Jinger Duggar Says Some of Her Family Members 'Agree to Disagree' With Her New Book (Exclusive)

The former reality star gets candid about faith and family in 'Becoming Free Indeed.'

Jinger Duggar Vuolo's new book, Becoming Free Indeedis not a tell-all about her reality TV-famous family -- but that doesn't mean they didn't have some opinions about her decision to write about her conservative upbringing and stepping away from the teachings of the Institute in Basic Life Principles and disgraced pastor Bill Gothard.

The book, co-written by Corey Williams, is an exploration of Jinger's faith journey in over the last seven years, as she's worked to "disentangle" herself from her ultra-conservative upbringing following the rules of the IBLP, an organization which espouses modest dress, female subservience, homeschooling, and large families, among other conservative lifestyle practices.

"I think what I grew up in was very fear-based," Jinger explained when she sat down with ET's Nischelle Turner recently to discuss the book's release. "It was based on superstition, manipulation, control, and so my view of God was warped. I was promised that if I followed these teachings from Bill Gothard, this man, that my life would be a success and God would bless me. But if I didn't follow every principle that he taught, then my life would be one disaster after another."

Jinger admits that she was unsure how her family members -- especially her parents, Jim Bob and Michelle Duggar -- would react to the details shared in her book, but she said she worked hard to be transparent with them about her feelings and how her faith has evolved.

"I sought from the very beginning to share with my parents what [teachings] I had changed on and why I saw this as something that was important to change on," she explained. "Whether that was wearing pants- I remember that conversation that I had with them, and I wanted to say, 'I don't see this in the word of God'... I had that conversation with them early on."

"Then, when I was writing this book as well, I reached out to my family and told them that I was writing this book," she continued. "I was very clear that it's not a tell-all about my family. I love my family. I'm so thankful for how they sacrificed so much for me. This story is my faith journey and how I wanted to share this story, and I feel a responsibility to it as well, because I promoted those [IBLP] teachings, so that's what I shared with my family."

With so many siblings and extended family members, there are bound to be some mixed reactions, and Jinger admitted, "It's interesting, different [family members] are still in that setting, so some were more excited for me to share this story, while others may agree to disagree because they have their own opinions."

"I know there [will be] some who probably will speak up once they read the book and will have stronger opinions, but initially I'm really grateful for the good response," she shared.

Ultimately, Jinger said she doesn't blame her parents for raising her and her siblings under Gothard's teachings, noting that she thinks many members of the IBLP joined the organization with "the best intentions."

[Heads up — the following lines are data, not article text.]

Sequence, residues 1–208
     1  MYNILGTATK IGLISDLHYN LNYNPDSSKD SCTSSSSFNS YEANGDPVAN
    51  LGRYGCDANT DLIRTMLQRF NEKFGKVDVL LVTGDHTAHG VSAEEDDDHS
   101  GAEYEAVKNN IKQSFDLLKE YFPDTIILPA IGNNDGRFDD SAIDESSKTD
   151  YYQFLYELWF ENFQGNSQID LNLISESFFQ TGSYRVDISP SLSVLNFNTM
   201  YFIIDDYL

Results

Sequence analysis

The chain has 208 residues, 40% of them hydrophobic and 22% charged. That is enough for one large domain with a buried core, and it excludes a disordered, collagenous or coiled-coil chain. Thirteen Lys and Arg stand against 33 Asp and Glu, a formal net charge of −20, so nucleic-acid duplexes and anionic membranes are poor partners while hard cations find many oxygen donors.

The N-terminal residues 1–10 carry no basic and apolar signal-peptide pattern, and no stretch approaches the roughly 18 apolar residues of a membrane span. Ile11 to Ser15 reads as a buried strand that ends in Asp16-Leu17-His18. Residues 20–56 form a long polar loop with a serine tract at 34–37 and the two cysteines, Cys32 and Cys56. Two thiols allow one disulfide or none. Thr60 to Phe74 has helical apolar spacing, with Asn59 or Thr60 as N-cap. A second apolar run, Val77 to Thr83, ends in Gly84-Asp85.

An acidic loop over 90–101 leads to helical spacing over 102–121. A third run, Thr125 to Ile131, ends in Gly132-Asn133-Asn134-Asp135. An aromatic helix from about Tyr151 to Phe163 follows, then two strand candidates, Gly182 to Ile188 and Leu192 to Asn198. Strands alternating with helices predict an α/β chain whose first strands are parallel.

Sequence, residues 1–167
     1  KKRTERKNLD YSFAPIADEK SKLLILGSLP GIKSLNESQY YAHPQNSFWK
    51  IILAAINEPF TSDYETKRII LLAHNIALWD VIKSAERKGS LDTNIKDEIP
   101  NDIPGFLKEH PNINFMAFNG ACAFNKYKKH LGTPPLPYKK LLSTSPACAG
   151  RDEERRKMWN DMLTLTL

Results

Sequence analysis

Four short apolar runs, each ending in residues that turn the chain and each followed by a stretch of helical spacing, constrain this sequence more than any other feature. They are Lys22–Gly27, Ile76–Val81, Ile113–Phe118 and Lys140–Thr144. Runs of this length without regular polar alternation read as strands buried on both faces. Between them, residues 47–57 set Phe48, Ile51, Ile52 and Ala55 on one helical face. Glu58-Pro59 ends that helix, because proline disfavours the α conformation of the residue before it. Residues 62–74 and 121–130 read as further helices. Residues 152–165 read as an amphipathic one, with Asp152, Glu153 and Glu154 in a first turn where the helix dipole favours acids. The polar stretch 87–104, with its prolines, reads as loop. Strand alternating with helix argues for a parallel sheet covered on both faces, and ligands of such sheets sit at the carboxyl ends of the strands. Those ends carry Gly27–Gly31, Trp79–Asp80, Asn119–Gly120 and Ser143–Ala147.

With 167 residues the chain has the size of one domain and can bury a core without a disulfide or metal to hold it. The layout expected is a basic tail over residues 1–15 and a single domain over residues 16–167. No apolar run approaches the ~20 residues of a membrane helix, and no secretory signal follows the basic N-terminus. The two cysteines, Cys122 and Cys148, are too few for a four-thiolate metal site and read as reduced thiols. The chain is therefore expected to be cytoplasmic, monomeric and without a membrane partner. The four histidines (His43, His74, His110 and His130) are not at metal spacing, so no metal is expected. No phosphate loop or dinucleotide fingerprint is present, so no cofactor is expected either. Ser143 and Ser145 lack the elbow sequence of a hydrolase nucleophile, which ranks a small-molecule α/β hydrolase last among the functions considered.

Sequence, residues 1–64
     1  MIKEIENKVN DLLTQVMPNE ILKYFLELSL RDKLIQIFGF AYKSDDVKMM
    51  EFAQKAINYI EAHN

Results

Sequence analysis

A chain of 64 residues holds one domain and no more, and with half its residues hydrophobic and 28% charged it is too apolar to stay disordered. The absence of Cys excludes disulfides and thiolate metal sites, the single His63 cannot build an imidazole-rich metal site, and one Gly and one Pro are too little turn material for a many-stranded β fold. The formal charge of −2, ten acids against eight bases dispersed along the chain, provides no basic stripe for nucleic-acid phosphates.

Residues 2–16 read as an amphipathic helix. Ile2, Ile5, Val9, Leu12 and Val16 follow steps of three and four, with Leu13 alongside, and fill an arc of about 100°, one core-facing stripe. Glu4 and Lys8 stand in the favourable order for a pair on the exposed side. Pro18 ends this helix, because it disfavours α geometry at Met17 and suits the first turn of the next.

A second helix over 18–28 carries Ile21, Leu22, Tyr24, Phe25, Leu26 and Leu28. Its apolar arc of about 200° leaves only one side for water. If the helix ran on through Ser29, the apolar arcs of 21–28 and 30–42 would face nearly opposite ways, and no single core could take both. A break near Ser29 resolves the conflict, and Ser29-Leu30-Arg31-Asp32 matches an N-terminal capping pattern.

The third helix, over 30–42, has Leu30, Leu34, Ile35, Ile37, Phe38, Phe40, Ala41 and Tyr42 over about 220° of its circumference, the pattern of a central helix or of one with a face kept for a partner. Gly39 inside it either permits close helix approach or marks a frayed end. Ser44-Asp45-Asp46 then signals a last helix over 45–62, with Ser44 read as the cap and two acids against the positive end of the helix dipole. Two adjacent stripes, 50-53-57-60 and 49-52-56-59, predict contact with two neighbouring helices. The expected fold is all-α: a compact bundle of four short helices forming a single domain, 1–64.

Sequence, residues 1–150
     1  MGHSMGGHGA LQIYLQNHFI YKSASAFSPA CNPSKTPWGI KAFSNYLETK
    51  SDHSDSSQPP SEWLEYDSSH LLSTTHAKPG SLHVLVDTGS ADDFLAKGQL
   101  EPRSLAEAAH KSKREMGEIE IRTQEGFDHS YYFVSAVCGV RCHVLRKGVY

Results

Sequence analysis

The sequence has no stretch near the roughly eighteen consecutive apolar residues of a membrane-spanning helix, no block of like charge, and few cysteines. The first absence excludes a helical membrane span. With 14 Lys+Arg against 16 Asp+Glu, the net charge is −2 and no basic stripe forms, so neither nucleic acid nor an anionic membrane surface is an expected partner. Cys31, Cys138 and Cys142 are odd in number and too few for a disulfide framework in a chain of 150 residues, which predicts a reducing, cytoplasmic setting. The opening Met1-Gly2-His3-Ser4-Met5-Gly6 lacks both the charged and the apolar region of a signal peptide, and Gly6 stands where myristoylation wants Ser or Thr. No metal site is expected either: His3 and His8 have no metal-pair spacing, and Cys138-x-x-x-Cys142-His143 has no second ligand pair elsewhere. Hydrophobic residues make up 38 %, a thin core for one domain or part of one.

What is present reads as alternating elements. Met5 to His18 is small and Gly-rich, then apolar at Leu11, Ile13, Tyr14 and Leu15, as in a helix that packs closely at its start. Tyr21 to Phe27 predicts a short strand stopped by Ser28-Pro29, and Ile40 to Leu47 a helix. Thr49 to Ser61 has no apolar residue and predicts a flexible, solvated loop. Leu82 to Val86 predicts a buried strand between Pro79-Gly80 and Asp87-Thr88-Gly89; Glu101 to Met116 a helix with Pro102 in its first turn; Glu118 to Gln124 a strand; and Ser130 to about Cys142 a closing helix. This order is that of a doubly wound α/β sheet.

"People can try to put stuff back on my parents, but ultimately, I look at that all of those years they poured into me and sought to give me their best," she assured. "They were promised that this would bring their kids success and God would be so pleased with them, so I saw that that was their heart all along and they really were loving and faithful parents."

"At the same time, I will say that the teachings of Bill Gothard, they have lasting effects, so I am still working through a lot of that," Jinger continued. "I think by God's grace, I can come out and see the distinction between the two, even though it's hard that I'm having to walk through all of this, but I can see it as God carrying me through."

Admitting that she doesn't "like to ruffle feathers," Jinger shared that one of her hopes for the book is that it might be helpful for others reevaluating their faith -- especially those disillusioned with their upbringing in the "tightknit" community of the IBLP.

"It's something that is always in my mind, and that is the driving force and motivation behind this [book]," she explained. "That has been in my mind, thinking if I can help one person to come free, that would be worth it all."

"Hopefully, in spite of all the things I've walked through, it will be helpful to someone," she added. "I had a fear of the community I was raised in rejecting me, and so every word I spoke I thought, 'OK, once it's out there it's out there,' and I really had to set that thought aside to be able to push forward and be strong to be able to share this story."

Despite her fears, Jinger said she is fairly confident that her parents will read the book.

"I think they want to hear from my perspective, my story," she said, though she didn't go so far as to predict what they might think of what she's written. "I think I'll let them speak for themselves once they're ready to speak, if they're wanting to, once they read the book and give feedback on it -- it will be interesting to hear."

"I've grown up in the public eye, so I know that even speaking publicly- I know that can be twisted in headlines," she added. "I don't ever want that to come back negatively on my family, and so that's been my heart in all of this, is just to speak truth and do it in a loving way."

Becoming Free Indeed is out now. 


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